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Lateral Talar Dome Osteochondral Allograft Transplantation via Fibular Osteotomy

March 01, 2019

Contributors: Isabella Brooke Jazrawi; Dylan Lowe, MD; Nirmal C Tejwani, MD; Matthew Gotlin, MD; Matthew Gotlin, MD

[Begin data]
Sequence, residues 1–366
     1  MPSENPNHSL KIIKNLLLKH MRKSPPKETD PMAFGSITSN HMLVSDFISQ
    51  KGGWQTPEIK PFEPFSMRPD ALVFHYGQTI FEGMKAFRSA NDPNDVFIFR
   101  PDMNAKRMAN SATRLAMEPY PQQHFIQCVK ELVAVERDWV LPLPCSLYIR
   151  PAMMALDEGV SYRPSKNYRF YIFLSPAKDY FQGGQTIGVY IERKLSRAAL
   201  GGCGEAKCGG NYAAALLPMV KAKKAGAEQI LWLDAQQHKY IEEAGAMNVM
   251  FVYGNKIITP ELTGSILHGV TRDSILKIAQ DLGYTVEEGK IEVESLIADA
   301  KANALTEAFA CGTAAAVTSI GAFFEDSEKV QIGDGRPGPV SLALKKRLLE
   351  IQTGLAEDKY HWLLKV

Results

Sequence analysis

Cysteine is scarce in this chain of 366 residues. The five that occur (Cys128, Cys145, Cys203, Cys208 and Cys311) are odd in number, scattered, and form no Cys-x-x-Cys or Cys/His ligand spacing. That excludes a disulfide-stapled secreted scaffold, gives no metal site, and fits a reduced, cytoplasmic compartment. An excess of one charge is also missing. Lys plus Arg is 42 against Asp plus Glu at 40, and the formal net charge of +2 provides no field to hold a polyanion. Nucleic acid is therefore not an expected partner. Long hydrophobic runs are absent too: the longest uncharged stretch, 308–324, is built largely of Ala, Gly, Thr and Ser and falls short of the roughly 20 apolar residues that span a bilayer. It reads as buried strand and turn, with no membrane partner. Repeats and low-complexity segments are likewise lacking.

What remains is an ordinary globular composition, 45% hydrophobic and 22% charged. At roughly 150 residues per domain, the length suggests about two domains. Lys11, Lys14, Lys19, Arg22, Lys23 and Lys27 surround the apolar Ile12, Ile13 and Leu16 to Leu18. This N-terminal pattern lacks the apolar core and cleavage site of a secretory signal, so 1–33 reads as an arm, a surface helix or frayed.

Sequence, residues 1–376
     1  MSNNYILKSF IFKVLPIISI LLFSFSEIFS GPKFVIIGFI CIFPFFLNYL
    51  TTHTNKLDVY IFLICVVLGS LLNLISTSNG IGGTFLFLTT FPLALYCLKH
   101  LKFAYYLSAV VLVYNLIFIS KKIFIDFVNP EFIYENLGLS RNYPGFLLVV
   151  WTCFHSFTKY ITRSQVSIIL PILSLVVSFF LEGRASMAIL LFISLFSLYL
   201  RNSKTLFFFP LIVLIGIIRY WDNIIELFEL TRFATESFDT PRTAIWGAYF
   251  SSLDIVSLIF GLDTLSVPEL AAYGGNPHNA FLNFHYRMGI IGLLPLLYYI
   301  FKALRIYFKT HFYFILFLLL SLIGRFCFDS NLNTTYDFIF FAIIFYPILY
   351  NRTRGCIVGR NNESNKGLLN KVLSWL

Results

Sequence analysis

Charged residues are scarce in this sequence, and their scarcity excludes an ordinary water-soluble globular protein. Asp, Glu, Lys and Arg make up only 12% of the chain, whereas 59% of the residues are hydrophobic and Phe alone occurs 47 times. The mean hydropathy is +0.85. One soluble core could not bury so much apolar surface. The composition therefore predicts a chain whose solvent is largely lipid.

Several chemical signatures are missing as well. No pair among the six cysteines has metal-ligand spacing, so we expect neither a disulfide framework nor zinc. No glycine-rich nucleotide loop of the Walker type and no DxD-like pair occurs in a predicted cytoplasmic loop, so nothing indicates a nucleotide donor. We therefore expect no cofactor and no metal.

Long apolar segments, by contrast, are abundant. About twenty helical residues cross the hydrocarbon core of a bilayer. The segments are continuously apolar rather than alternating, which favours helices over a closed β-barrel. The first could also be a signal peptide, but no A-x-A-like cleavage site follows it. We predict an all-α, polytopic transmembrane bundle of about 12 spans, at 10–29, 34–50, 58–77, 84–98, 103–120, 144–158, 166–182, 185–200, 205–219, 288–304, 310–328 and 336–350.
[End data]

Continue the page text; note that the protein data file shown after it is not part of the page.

Osteochondral lesions of the talus (OLTs) are areas of abnormal, damaged cartilage and subchondral bone on the surface of the talus. They vary in size and are encountered on the medial and lateral domes of the talus. Because of the tenuous blood supply of the talus, OLTs are associated with poor healing potential and may lead to progressive degenerative changes of the ankle joint. After nonsurgical treatment options have been exhausted, cartilage restoration procedures can be considered. Osteochondral allograft transplantation is a reliable, reproducible treatment option for the management of large OLTs. Perpendicular access to an OLT is critical for successful graft implantation. Accessing the lateral talar dome may be a challenge. Fibular osteotomy is a safe and reliable method for exposure of the lateral talar dome. This video demonstrates fresh osteochondral allograft implantation for management of a large OLT via a fibular osteotomy. The video discusses the case presentation of a 43-year-old man with a large traumatic lateral OLT. The patient underwent a modified Broström procedure 2 years prior to presentation. The patient had persistent symptoms, and advanced imaging studies revealed a large lateral OLT. This video provides an overview of the pathogenesis, diagnosis, and management of OLTs and discusses the indications for osteochondral allograft transplantation. In the patient shown in this video, the lateral talar dome was accessed via a fibular osteotomy. Excellent restoration of the talar articular surface was achieved intraoperatively. The osteotomy site healed uneventfully. The patient was advanced through a standardized rehabilitation protocol with gradual relief of his symptoms. Patients with a lateral talar dome osteochondral lesion in whom nonsurgical management fails can be successfully treated via osteochondral allograft transplantation. Implantation requires adequate exposure of the lateral talar dome via fibular osteotomy.

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